Alton Evening Telegraph from Alton, Illinois on August 9, 1963 · Page 9
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Alton Evening Telegraph from Alton, Illinois · Page 9

Alton, Illinois
Issue Date:
Friday, August 9, 1963
Page 9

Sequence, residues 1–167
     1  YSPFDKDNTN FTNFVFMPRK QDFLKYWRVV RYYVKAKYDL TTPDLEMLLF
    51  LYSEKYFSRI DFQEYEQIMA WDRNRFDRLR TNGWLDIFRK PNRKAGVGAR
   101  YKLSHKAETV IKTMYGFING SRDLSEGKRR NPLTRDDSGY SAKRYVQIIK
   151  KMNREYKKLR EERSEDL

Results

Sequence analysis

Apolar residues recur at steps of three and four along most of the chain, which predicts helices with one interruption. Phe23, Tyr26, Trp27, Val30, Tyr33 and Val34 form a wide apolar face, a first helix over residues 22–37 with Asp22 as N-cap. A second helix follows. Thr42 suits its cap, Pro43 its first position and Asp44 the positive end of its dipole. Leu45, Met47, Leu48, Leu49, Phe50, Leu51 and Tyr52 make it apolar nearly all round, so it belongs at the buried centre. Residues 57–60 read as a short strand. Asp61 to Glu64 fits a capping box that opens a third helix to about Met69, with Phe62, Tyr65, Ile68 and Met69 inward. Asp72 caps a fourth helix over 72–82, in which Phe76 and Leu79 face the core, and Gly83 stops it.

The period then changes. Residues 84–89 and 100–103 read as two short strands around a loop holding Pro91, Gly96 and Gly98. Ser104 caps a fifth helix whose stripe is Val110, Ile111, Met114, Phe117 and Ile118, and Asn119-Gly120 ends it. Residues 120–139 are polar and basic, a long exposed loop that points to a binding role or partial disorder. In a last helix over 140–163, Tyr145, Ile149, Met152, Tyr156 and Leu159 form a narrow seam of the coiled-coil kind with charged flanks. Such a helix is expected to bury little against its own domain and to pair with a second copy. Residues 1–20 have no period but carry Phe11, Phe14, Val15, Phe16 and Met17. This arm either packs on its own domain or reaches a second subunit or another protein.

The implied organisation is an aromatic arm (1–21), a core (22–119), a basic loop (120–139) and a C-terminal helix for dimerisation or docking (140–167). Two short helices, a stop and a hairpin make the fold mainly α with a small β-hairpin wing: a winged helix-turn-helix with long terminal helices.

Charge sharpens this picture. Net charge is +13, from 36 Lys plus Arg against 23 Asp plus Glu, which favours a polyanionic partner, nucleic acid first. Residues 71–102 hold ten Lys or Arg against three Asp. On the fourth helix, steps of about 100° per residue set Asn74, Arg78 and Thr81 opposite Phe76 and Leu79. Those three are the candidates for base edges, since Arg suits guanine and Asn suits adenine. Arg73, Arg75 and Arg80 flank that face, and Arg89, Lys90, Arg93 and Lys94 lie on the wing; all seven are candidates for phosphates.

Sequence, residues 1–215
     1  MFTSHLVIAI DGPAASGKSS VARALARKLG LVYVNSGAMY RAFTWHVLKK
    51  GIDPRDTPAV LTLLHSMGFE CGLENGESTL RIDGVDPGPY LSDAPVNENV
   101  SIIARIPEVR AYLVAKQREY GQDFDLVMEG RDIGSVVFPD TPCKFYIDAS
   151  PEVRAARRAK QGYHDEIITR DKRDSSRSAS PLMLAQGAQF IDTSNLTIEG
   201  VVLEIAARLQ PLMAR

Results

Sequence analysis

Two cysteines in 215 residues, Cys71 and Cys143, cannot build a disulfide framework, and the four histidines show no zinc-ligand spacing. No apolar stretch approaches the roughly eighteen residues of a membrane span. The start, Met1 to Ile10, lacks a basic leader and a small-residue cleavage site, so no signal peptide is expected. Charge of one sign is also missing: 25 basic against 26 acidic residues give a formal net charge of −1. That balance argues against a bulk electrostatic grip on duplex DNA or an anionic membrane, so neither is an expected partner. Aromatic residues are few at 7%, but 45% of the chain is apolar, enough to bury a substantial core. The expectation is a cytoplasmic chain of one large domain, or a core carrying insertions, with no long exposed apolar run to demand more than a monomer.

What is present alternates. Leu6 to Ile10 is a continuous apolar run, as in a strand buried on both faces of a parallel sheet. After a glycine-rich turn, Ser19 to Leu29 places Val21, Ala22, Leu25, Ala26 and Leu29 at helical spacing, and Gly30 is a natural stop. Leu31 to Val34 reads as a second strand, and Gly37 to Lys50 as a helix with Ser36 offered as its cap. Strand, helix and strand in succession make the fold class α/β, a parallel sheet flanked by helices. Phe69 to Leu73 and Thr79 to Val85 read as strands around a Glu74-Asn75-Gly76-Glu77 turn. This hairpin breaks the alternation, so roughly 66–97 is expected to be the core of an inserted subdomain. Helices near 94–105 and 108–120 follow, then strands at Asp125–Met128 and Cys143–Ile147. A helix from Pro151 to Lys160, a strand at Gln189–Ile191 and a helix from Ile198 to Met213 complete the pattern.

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pljbA¥» AUGUST 9,1&63 ALTON EVENING TELEGRAPH Obituaries •A.-':) ..-u i,' - , irlofl F. wtyllett, .former city Marlon ...,.,., , , englheefs ftrtd superintendent of construefldH 6f tanjor' ednsthic- llon projection AHotl attd Southern Illinois, died at 1:48 a.m. today in It* Joseph's Hospital, Mr, Whllteilr who was 69, had been In' falling health for several niortlH^ahd Mjfircd from work last MayVHMhfftl been hospital l/.od spyeral times since the beginning ,ol: Ills illness and had |«st onlevetl lift)'hospital 12 days' ngo. i ..,. »„'•, / He had Bpn»£ tilty enginqor under -tlie' administration of former Mayor"Uiii'old Wad1ow,.'and was tt member"' of the Civil .Service Board when former M n y o r Thomas W. .Bullcr was In office, lie also, served as city build- lug commissioner, Wliil'ten was twice liamcd as'a commissioner of Madison County' Housing An- morlty. ' ,'/ Some of /the iiiajor construction pi-ojctjfs supervised by Whitten wercjlho tjpper Plasa valley sewer, and th6 national cemetery galewuy-rostrum on Pearl Street. He had a supervisory position in the construction of Alton lock and dnm, and !n 1941 went ,lo Sandoval, 111., lo supervise construction of a high school which, required almost,,two years. , •' In recent years he had been associated with the engineering firm of Sheppnrd, Morgan & Schwaab. lie was a member of American Legion and in former years had been active In Its Fourth of July picnic and fireworks displays. Mr. Whiilen was born at Btilch- lown, Calhoun County, a son of the late Mr. and Mrs. Thomas Schlltt, Vera beach, Flai Funeral riles will be Monday at 9 n.m, in St. Mary's GTiurch, Bur- inl will bo In St. Joseph's Cemetery, Ponding time of the funeral the body will ho at Burke Funeral Homo whore trlmids may call af- lor 2 p.m. Snhday. The Rostiry will he recited Sunday al 8 p.m. Whitten. birthday ago. ; He observed his (59th anniversary .11 days .Surviving arc his widow, Mrs. Clara Whiilen; a, son, Lee Wliit- len, proprietor of HI floral shop in Alton, and three daughters, Mrs. Edward Hornsey, Alton; M r s. John C. Evans, Bound Brook, N. J., and Mrs. Joseph Naughton, Mrs.. Pearl W. Welkins, wjdow of Harry A. Watklns, who owned and operated National Printing Co.,. until his dealh 11 years ago, died at 5 a.m. today In .Barnes Hospllii}, SI, Louis, she entered the hospital e|ghl weeks ago,. She had been In ill health since Oceembert but had continued to Work until, nine weeks ago. Following the death of her husband, Mrs. Watklns had operated National Printing Co., until It was sold lo Adams Printing Co., four years ago, at which lime Mrs. Watklns retired from the firm. In recent years she had been employed by Credit Bureau of Alton in a clerical • position and had been at her duties there until a week before entering the hospital, She had travelled extensively and a planned,trip to Hong Kong last December was interrupted by her illness. Mrs. Watkins was a member of St. Paul's Episcopal Church where her husband 'iiid served for a number of years as vestryman. The former Pearl Payne, s h c was born March 10, 1897, at Clinton. Her parents were the late Mr. and Mrs. R. G. Payne. Her marriage lo Mr. Walking took place Nov. 3, 1921. She moved with her husband to Alton some 20 years ago. Their home was at 511 Alby St. Survivors arc two sisters, Miss Ethel Payne, wiio made her home in Alton with Mrs. Watkins, and Mrs. C.'C. Ives, and a brother, Will Payne, Clinton. The body lias been taken to Final Report ^bijh T ri " ' • • jSSB'-*" ' '• Jfe On Stock Mtu'ketlssued News of Gralnt Most Prices Turn Godfrey; two brothers, Elmer Whitten, Godfrey, and Alfred, Alton; a sister, Mrs. Oscar Williams, Parkersburg; nine grandchildren, and several nieces and nephews. Funeral riles will be conducted Monday at 10 a.m. in Morrow- Quinn Mortuary. Visiting hours at iJie mortuary M* Riiftifihft* NmvR Writer NEW,YORK (AP) - Tension's abated in Wall Street today follow- iig the final report Ifl Ihe tirst exhaustive Investigation of securl- les market practices since the 930's. • But brokers, mutual fund man- igers and others In the securities business recognised there probti' bly will be tighter supervision from Washington, , and some changes In ways of cloirtg things. Except possibly tor the mutual fund segment, the financial com« munily found little .unexpected Thursday In the Ihlrd report on the two-year Inquiry by a special staff of the Securities and Ex- nhttngc Commission. Sharp criticism was leveled at high-pressure tactics used by some salesmen of mutual fund shares, notably part-timers said to have employed highly emotional appeals playing on "fear, pride and patriotism." The report also 1 questioned sales fee collection patterns in the sale of contractual (installment) plans, methods of routing brokerage business by sortie funds and what it deemed'potential conflict of interest situations. •The federal investigators added lo earlier recommendations for a closer SEC role on self-regulation of organized securities markets, such as the New York and American Stock Exchanges. In a letler of transmlttal to Congress, SEC Chairman William L. Gary indicated the next step will be a series of meetings with securities induslry leaders. These would seek an accord on additional controls and improvements, especially those within the powers of the SEC, the stock exchanges, mutual fund industry and the National Association of: Security Dealers, which oversees the over the counter market for unlisted stocks. CHICAGO (AP) - Moderate selling encountered a thin demand in the grain -futures market today add prices generally wore weak most of the time on the Board of Trade,. Setbacks ran to nlftjbr fractions in the grains and to two cents or so In soybeans in the early afternoon as offerings Increased slightly. Brokers called the pressure liquidation for the weekend. Carlot receipts today were estimated at : wheat 32 cars, corn .72, oats 8, rye 5, barley 16, soybeans 14. CHICAGO (AP) —'Wheat No 2 fed 1.85| No 3 red 1.84; No 1 yellow hard 2.0214. Corn'No 1 yellow 1.331/4! No 2 yellow ,1.33'Al No 4 yellow 1.30%; No 5 yellow 1.29J4. Oats -No 2 extra heavy white 68%. No soybean sales. Soybean oil 8%b. CHICAGO (AP)— Prev, ' High Low Close close 1.80% 1.81 1.81% 1.86% 1.86% 1.86'/2 1.86% .1,89% 1.89% 1.89'/& 1.89% Wheat Sep Dec Mar. May " 1.841,4 1.83% 1.83% 1.84% 1.55% 1.54% 1.54% 1.55*4 Jul i 1964 Sep Corn Sep Dec 1.11% 1.11V6 1.11% 1.11% Mar 1.14% 1.14% 1.14% 1.14% Seek Small Mine Safety Regulations WASHINGTON (AP) - Rep. Kenneth J. Gray, D-1I1., and the Bituminous Coal Operators' Asso elation endorsed today a proposal to extend federal safety laws to small mines. "Coal mining can be made a safe industry," Gray told a House Labor subcommittee. _ "There is no logical explanation for Hie exemption in the present law." Edward G. Fox, president of the Coal Operators group, said: "When the owner or operator of a coal mine hires human beings for his operations, he should take every reasonable precaution to see that 'these employes finish each days work with life and limb intact. Whether he employes 5 or 5,000 should make no difference." Under the present law, federal mine inspectors can shut down a mine if dangerous conditions are found to exist there. However, mines employing less than 15 people are exempt from these provisions. Gray recalled the West Frankfort and Centralia mine disasters in Southern Illinois which killed about 230 persons. People in the News Joan Bennett Daughter, Socialite Plan Marriage tty THE ASSOCtAtfot) PIlESS NEW YORK (AP)-Stephanie Wnnger, 20, daughter of moVie producer Waller Wanger and actress Joan Bennett, and socialite Frederick ,Edward Guest II, 25, have obtained marriage license in New York. The couple plans lo marry Aug. 21 In Manhattan. LONDON, Ottt. (AP)-The Most Rev. Arthur Lldhtenberger, presiding bishop of the Protestant Episcopal church in the United States, said In London, Ont., the U.S. Supreme Court ruling against the required reading of the Lord's prayer In public school classes "has opened the way for an objective study of religion." SANTA MONICA, Calif. (AP)- ProdUcer Sid Luft, 47, estranged husband of singer 'Judy Garland, is in Santa Monica (Calif.) Hospital with a back injury—the result of an auto collision on rain- slick Wilshire Boulevard. on. 1.57% 1.56'/s 1.56% 1.57 J / 2 1.21% 1.21 1.21% 1.21% Herrington Funeral home, Clinton. "Arrangements for the funeral are pending. Allen Interment In Upper Alton will be from 4 p.m. Sunday. to 9 p.m. Miller May Jul Oats Sep Dec Mar May Rye Sep Dec Mai- May 1.17% 1.16 7 / s 1.17 1.19V4 1.19 1.19 He said: "Miners in small mines are .63% .66% .68% .68% .63V6 .63% .6614 .66% .68% .68V6 .68% .68% 1.17% 1.1914 .63</ 2 .66tt .68i/ 2 .68V4 Mrs/ Katherlne Teresa Miller, 748 Central Ave., died Thursday at 9:25 p.m. In St. Anthony's Hospital where she had been a patient since June 8. She was the widow of Joseph R. Miller. Mrs. Miller, who was 87, had been disabled since December when she suffered a hip fracture in a fall while attending a Christmas family dinner. Following the injury she was a patient in St. Joseph's Hospital and later entered Blu-Fountain Manor at Godfrey. She later suffered another fracture of her hip and entered St, Anthony's Hospital. She was born at Liberty Prairie, Aug. 19, 1875, a daughter of the late .Bart and Geiievieve Joehl Hellrung. Her marriage to Mr. Miller took place April 22, 1914. Mrs. Miller was a life-long member of St. Mary's parish and belonged to St. Anthony's Altai- Society. ':. v With 'exception'! of two sisters, Mrs. Mary Schrameck, Edwardsville, and Mrs. William Schulz, Alton, , she was the last ot nine Funeral rites for William B. Allen, retired banker, were conducted at 3 p.m. Thursday in Morrow-Quinn Mortuary by Dr. Cortley H< Burroughs, pastor of First Presbyterian Church. Burial was in Upper Alton Cemetery. Serving as pallbearers were William B. Bergfield, Edward C. Horat, W. Clayton Krug, F. L. Manns, H. Edward Meyer/and Charles B, Godfrey. /.'•' Prices on 16 Mutual Funds Following is a list of 16 mutual investment fund stock quotations provided to the Telegraph by Newhard, Cook Co. through its Alton office. These stocks are selected on the basis of their sales and ownership injjie area. The quotations are yesterday's closing. . Gary said he had no plans to ask for legislation at this session of Congress, but a couple of proposals would be advanced next year. A bill;, embodying recommendations based on the first special staff study report Mas passed the Senate and awaits House action. The latest report caused no immediate stir on .the : Jrtock;; market, cyvhere ; 1.26% 1.25% 1.2614 1.26% 1.29% 1.2914 1.29% 1.29% 1.32% 1.32% 1.32% 1.32% 131% 1.31 1.31% 1.31% Soybeans Aug 2.60 2.58% 2.58% 2.60% Sep 2.58% 2.5C% 2.57 2.58% Nov 2.57 2.55% 2.55% 2.57% Jan 2.60% 2.58% 2.59 2.60% Mar 2.62% 2.61% 2.61% 2.63% May 2.65 2.63% 2.63% 2.65% Jul 2.66 2.64 2.64% 2.66% children in her family. Her band died April. 22, 1952. Surviving beside her sisters is a step-daughter, Mrs. F 1 o r a Issue. Affil. Fund ., Broad' St. 14.24 Bullock- 13-36 Capil. Shrs Il.2i Divid Shrs 3.42 Fid. Cap 8,83 Fid. Fund 16,27 Fid. Tr 14.64 9.91 5.22 4.19 , 14.94 Mass. Grth. 8.24 Fund. Inv. ., Keystone K-2 Keystone S-4 Mass. Tr. Nation,W. Sec. Nat, Inves. .... Tevev. El Bid. Asked. 8.14 8.80 15,39 14.65 12.29 3.75 9.60 17.59 15.91 10.86 5.70 4.58 16.33 9.01 24..51 16.56 8,05 12 Selected Stocks Following are today's 1:30 p.m. quotations of 12 New York Stock Exchange issues research has indicated are widely held in the Alton area, as supplied to the Telegraph ,by Newhard, •'? Cook & Co., from its Alton office.;. (The New '-York 'Exchange 1 closes at 2:30 p.m. (Alton time), so, these are not the closing quotations): AT&T 121%, Gen. Motors '71%, Granite City Steel 26%, Olin Mathieson 41%, Owens-Ill. 81%, Shell Oil 44%, Sinclair Oil 45%, Socony 70%, Standard Oil (Ind.) 64%, Standard (NJ)) 70%, Uv S. Steel 46%, Sears 90. . ! Produce Prices i At St. Louis Walkout Staged at Mallory& Co. Plant ; DU QUOIN, H. (AP) - Most ;proofuction workers at" P.R. Mal- jory,«;& Co., Inc., walked off their jobs Thursday within a few hours after a 24-hour walkout had been settled. Management said it presumes ,e.,new stoppage is in protest over dismissal of James. Wolsey, local president of the International Association of Machinists. Wolsey was accused of wrongfully initiating an unauthorized walkout Wednesday. *' • • ; Officials said only 16 of the plant's" 200 production employes were working''today. The plant makes electronic equipment. forced lo defend themselves against the hazards of the industry. We need authority to close down these mines if dangerous conditions exist." At one point when the committee was told that opposition testimony would be presented to the proposal, Chairman James Roosevelt, D-Calif., observed: "We will listen to them but they are going to have to come up with some pretty good answers as far as I am concerned." George C. Trevorrow, safety director for the bituminous coal operators, said he felt the proposal would have little economic effect on the large majority of small mines. He added: "Every person who faces the admitted inherent hazards of extracting coal from underground mines is entitled to all of the protection reasonably possible." Chicago Savings MEXICO CITY (AP) — Walt Whitman Rostow, counselor of the U.S. Department of State and chairman of its Policy and Planning Council, is expected this weekend in Mexico City to begin a three-week visit. NEW YORK (AP)—Actress Zsa Zsa Gabor has reported the theft of five paintings from her apartment at the Hotel Savoy-Hilton in New York City, police reported. Priest Slain In New York Apartment NEW YORK (AP)-The body of a Roman Catholic priest, slabbed twice in the chest, was found in a bedroom closel of his sister's comment, apartment, the victim of an ap parent homicide, police said to day. A blood-stained steak knife was found near the kitchen of the Manhattan apartment where th tody of the Rev. Francis J. Me Shane, 42, was found Thursday night by his brother, also a priest. The knife matched a set found in a station wagon parked nearby which had been stolen last Tuesday from Yonkers, N.Y., police said. The dead priest's brother, the Rev. Vincent McShane, of Larchmont, N.Y., had gone in search of his brother after being told that he had not appeared at his parish, Our Lady of Ml. Carmel, in the nearby Westchester County community of Elmsford. a sitting position. He was clad in a white, open sport shirt and dark Dump Drivers Back On Road Job BENTON, III. (AP) — Dump ruck drivers were reported back it work today having suspended i protest action that halted the low of gravel to an Interstate 5t nterchangc site near Whilting- An estimated 130 dump trucks lad been idled curtailing construction of the interchange with Illinois 183. Officials declined More than 90 drivers stopped work after the reported hiring of additional drivers. The men said tho extra workers would reduce the amounts paid to individual drivers on a commission basis. The two-ton trucks haul gravd to Whittington from Gorevilie. Truckers parked the trucks along Illinois 37 Wednesday, moved hem Thursday long enough to dump their gravel, then re-parked them. Two Quake Shocks Rock Northeast Italy v; ST. LOUIS (AP) — Eggs and live poultry: :.''... Eggs, consumer grades, A, large 33-34, A medium 26-27, A small 16-18, B large 27-28, wholesale grades, standard 26-27%, unclassified farm run 23Mi-25, checks 18-21, Hens, heavy 12-13, light over 5 Ibs 8-9, under 5 Ibs 7*8, commercial broilers and fryers BROUGHT UP BOILER BAYFIELD, f Wis. JP— A crew of young'skin divers from Minneapolis has/recovered the steel boiler from the hull of the Pretoria, a 300-foot wooden ore boat that'sank in a gale'Sept. 2, 1905, with the loss of five lives. The Pretoria sank in Lake Superior in 45 feet of water nearly a .mile off the northeast corner of Outer Island in the Apostle Island group. Association Is'Taken Over CHICAGO (AP) - The Illinois Department of Financial Institutions has assumed custody / of the Tinley Park Savings and Loan Association of Chicago because of alleged questionable-lending policies; ' " Director Joseph K. Knight said the action was taken Thursday for the "purpose of further ex- .amination.., reorganization or liquidation;" The state will/have custody for Descriptions or estimated values oft he paintings were not available. News of Stocks Advances Show Late NEW YORK (AP)—With anxi ety removed by release of the Securities and Exchange Com mission's final investigative report, the stock market advanced late this afternoon. Volume for the day was estimated at 3.6 million shares against 3.46 million Thursday. Prices moved up steadily and moderately from the opening. The gain was centered in selective issues outside the circle of usual market leaders. Wall Street was relieved at the rather neutral tone of the concluding chapters of the SEC report. It had been hampered by uncertainty prior to the release. slacks. Police said there had been no signs of a struggle in the apart- nent of Miss Margaret McShane, the sister, who was reported on a cruise. Police also issued a radio alarm for a 1960 sedan and indicated that the priest's clerica street clothes had been stolen anc might be worn by the driver o the car. Police investigated the station FORLI, Italy (AP)—Two strong earthquake shocks caused widespread alarm today throughout a tourist-jammed 200-mile triangle of northeast Italy, from Florence i to Trieste and north to Bolzano. Chimneys were knocked down, cornices crashed into the streets, 'Return- td l\. Civilisation :% RENO (AP) — America's nevv $• astronaut team was scheduled to return to, civilization today after' three grueling days attd lights on the desert hotlheast ef Stead Air Force Base. their on-the-desert survival training was made even more realistic by a sand and dtlst storm • Wednesday highU Gov. Grant Sawyer ol Nevada • and newsmen were to welcome the astronauts, training,,for the two-man Gemini and .Apollo pro- jccts. A press conference wiw scheduled on their return'. Maj. D. K. (Deke) Slayton, of the original Projecl Me-rcury team, repealed the- course with lie astronaut-trainees. The first rain ; in more than n month fell on Reno and Stead, eight miles to the north, Thursday night and probably fell where the astronauts were training northeast of the base. Temperatures went as high as 135 degrees at sand level and 113 in the shade during their stay. They.had to improvise, shelters in dummy Gemini and Apollo vails of some old houses cracked, there were no casualties. sules and. use limited survival gear available to fashion beds in the sand. The astronauts had only seven quarts of water each to last them a full two days. They ate food concentrates of the type carried in the space capsule and scratched whatever else they could from the desert. 30 days, Knight during which time it will decide whether to reorganize or to liquidate the association. 11 ,'iHe said that the firm will continue to be open for business during the period of custody. The action reportedly was taken because .a' number of delinquent loans approved may have impaired the association's capital. Steels, motors, utilities, nonferrous metals, chemicals, rails, airlines and drugs advanced. Aircrafts were weak. Gains ranged from fractions to a point or so with a few high priced specialty issues making wider moves. Parke Davis, up 1%, appeared to be headed for the top of the most active list. . Kress lost 2 points and Genesco was up about a half. Polaroid spurted more than 5 points and Xerox was up .nearly 4. IBM added more than 2. U.S. Steel and American Telephone advanced about half a point. Prices on the American Stock Exchange were irregularly higher, i wagon, in which the packet of knives was found, after a woman neighbor reported that she saw the priest and another man leave the car about 1:30 a.m. Thursday. Bragging Stiffens Sentence CHICAGO (AP)—Judge William M. Earth of Traffic Court was pondering the sentence to mete out to a suburban motorist when he passed by the courtroom lock up Thursday. He pondered no longer. As he passed, Judge Bartli said he overheard the man bragging to a fellow offender about his offense. Judge Earth sentenced the motorist, Ralph E. Turner, 32, of Blue Island, to a year at the state prison farm at Vandalia and ordered a psychiatric examination for him. Turner had pleaded guilty to charges of driving while under the influence of alcohol, driving while his license was revoked, failure to have a driver's license, and driving through a red traffic light at high speed. SEARS ROEBUCK AND CO Sew for School Regular 79c yd. OXFORD CLOTH Coordinated Prints and Solid Colors yd. All cotton oxford cloth Is.,wash - n - wear crease ana- wrinkle resistant. In glorious fall colors. Satisfaction Guaranteed or Your Money Back SEARS SHOP AT SEARS SAVE 309 PI AS A ALTON, ILL. 22.66 15.32 7.39 ItseU Livestock Prices At East St. Louis NATIONAL STOCKVARDSi Illi (AP) - (USDA) -,Hogs 6,500! strong to 25 higher; barrows and gilts 190-250 Ib; sows 275-625 Ib 13.00-16.75, Cattle 250; calves .125; utility cows 14.00-15,50; vealers steady; good to high choice 24.00-29.00. Sheep 150; lambs and ewes fully steady; good and prime 18,50-21.50; ewes cull to good 4.50- Jury Rules Ward Death Was Suicide LONDON- (AP) — A coroner's Juiy deliberated for only three 'tninutes today and .found that pr. Stephen^ Ward committed, suicide. The , 50-year-old, society osteopath and artist," & central 'figure in Britain's -biggest . dal of the century, died Aug.. 3 of an overdose • of drugs after 80 hours in a coma.' . t A • ' A ,fe\V, hours after he ,was found unconscious on July 3i, a jury convicted him of two charges of living off the immoral earnings 'of porstltutes Christine Keeler and Marilyn (Mandy) Riee-Dayies. Announcing the Opening of Betty and Julie's BEAUTY SALON TO PLEASE. MODERATE CHARGES. 803 HENRY ST. ALTON I HENRY & SIXTH ST. Open Tuesday, August 13 HO 5-2001 Qwoin and OjttrafffeVltrty Griffin and Julie Beany Jocoby's French Villa A New and Wonderfully Exciting French Provincial Collection for You! For your bedroom . . . Choose this fruitwood bedroom suite. Shown are the 6-drawer double dresser, and 4-drawer chest for plenty of storage space. Also available in white and gold — Other size dressers, chests and beds. Double Dresser and Mirror SOT COO Chest Panel Bed ^ Gtimplptely Air Conditioned for Your Shopping & Braining Comfort! •- ' ''i > Epsily Arranged Time Payment Plan ' 627 E. Broadway FREE PARKIN® AT THE REAR ENTRANCE Alton Jacoby's' 11 , ^ Since 1883-,,.. , •, Mv^wpsVfF* *•* "• "•*•*«*****% *-£ '»'='- ,-, l^SiM